Elon Musk, the CEO of Tesla and SpaceX, is facing allegations of possible illegal drug use, according to a report in the Wall Street Journal. These allegations have raised concerns among executives within his companies. 

The report details an incident at a recent SpaceX meeting where Musk’s behavior was described as “nonsensical,” “unhinged,” and “cringeworthy.” He reportedly arrived nearly an hour late and was rambling and slurring his words. Linda Johnson Rice, a former Tesla board member, reportedly decided against re-election due to concerns about Musk’s drug use and unpredictable behavior.

According to recent reports, Musk has previously admitted to using ketamine to treat depression and smoked marijuana during a “Joe Rogan Experience” podcast in 2018, which led to complications with NASA.

Musk has denied these claims, stating that no drugs or alcohol have been found in his body during random tests conducted over the past three years.

Musk’s lawyer, Alex Spiro, confirmed that Musk had never failed a drug test and criticized the report for citing “false facts” without specifying them.

Source: Euronews 

And I’m getting tired of the continued bad news in tech jobs, but here’s another story I thought I had to cover.  

Unity, the company behind the popular game engine, is facing a significant workforce reduction, with plans to lay off about 25 percent of its staff, amounting to around 1,800 employees. This decision, as stated in a filing with the Securities and Exchange Commission, is part of Unity’s restructuring and refocusing efforts on its core business to achieve long-term and profitable growth.

This latest round of layoffs follows several others within the past year, including a notable reduction of 265 workers last November. The specifics of whether the 1,800 job cuts are in addition to last year’s layoffs remain unclear. Unity’s recent layoffs occurred shortly after the company altered its pricing model, which initially frustrated developers. These changes were partially reversed, and former CEO John Riccitiello resigned in the aftermath.

Kelly Ekins, Unity’s director of PR, expressed that the decision to reduce the workforce was challenging and extended gratitude to those affected for their dedication and contributions. Unity’s game engine is used in popular games like Fall Guys and Pokémon Go. The gaming industry has seen a wave of layoffs over the past year, with major companies like Epic Games, EA, and Naughty Dog also announcing job cuts, affecting over 9,000 people in the industry in 2023.

Source: The Verge

And to get a whiff of something different to close off the show…

An Israeli firm Mobile Physics, backed by Oracle founder Larry Ellison, has developed this technology to transform any cellphone into a personal “envirometer” and weather station. It utilizes a phone’s existing sensors to measure air quality, smoke levels, temperature, and UV exposure. In real-time, the technology can alert users to hazardous conditions, advising actions like opening or closing a window, turning on an air purifier, or wearing a mask.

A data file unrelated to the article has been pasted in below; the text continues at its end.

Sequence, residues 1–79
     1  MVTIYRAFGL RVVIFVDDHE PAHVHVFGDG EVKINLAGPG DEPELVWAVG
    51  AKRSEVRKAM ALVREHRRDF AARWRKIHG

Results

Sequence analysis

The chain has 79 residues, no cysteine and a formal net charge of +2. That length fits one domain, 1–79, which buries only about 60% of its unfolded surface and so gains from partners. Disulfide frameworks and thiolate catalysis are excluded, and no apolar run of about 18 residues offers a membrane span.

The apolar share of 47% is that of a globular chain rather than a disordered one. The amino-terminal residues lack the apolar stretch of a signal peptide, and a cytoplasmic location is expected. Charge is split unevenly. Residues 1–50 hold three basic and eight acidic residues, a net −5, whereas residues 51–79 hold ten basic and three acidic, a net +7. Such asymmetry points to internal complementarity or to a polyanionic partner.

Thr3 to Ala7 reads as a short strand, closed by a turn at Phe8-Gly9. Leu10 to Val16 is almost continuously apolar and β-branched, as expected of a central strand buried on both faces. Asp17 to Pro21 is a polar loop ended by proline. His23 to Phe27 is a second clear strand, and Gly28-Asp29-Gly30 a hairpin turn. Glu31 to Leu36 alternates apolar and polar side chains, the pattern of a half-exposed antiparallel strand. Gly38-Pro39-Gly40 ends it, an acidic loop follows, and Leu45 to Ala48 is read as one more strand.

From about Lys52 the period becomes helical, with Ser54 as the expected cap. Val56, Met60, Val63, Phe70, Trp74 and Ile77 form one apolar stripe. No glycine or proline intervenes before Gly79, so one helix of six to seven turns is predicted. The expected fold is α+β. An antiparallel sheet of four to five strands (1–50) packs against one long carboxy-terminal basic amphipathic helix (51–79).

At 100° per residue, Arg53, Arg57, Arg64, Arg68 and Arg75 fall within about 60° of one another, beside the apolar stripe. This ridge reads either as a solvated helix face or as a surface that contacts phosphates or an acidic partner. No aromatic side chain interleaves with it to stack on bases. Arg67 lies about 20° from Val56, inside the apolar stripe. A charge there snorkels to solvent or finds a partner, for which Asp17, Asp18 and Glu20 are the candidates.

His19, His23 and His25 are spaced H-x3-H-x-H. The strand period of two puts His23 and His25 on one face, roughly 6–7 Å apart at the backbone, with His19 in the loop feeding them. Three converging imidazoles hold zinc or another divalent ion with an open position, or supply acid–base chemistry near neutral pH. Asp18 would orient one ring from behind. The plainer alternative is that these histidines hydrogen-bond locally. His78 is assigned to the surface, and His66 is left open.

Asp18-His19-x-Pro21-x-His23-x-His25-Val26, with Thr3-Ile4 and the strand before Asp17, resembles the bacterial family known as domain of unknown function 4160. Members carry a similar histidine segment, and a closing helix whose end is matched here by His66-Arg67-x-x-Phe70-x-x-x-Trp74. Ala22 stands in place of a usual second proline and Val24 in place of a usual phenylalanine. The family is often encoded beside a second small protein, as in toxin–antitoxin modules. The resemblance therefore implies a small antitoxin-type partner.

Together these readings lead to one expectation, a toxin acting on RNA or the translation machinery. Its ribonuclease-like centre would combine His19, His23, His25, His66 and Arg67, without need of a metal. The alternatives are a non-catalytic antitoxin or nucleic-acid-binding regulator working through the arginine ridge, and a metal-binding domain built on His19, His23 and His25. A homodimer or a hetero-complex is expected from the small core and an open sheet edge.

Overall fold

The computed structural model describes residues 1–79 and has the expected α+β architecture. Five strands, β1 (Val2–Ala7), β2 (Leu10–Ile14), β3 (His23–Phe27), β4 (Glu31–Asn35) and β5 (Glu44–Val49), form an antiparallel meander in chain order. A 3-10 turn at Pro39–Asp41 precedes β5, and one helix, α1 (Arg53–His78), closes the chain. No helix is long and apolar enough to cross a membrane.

This innovation is particularly timely as air pollution and increasingly severe wildfires pose growing health risks. The technology has been embedded within Qualcomm’s new Snapdragon 8 Gen 3 mobile processor, using STMicroelectronics’s direct time-of-flight (dToF) sensors, capable of detecting small particulate matter. Phone manufacturers like Samsung, Google, and Xiaomi have shown interest in this technology.

The data collected by these “envirometer” phones could be invaluable not only to individual users but also to governments, health authorities, and insurance companies, offering a detailed portrait of local environmental conditions. Mobile Physics also plans to introduce a subscription version with additional information, which could be especially beneficial for people with respiratory diseases.

Source: Axios

Hashtag Trending goes to air 5 days a week with a special weekend interview show we call “the Weekend Edition.”

You can get us anywhere you get audio podcasts and there is a copy of the show notes at itworldcanada.com/podcasts 

I’m your host, Jim Love. Have a Wonderful Wednesday!

The post Hashtag Trending Jan.10- Only 700 IT jobs added in the U.S. in 2023; 23 vulnerabilities in network-connected wrench used globally in factories; Microsoft discovery that could reduce lithium use in batteries by 70 percent first appeared on IT World Canada.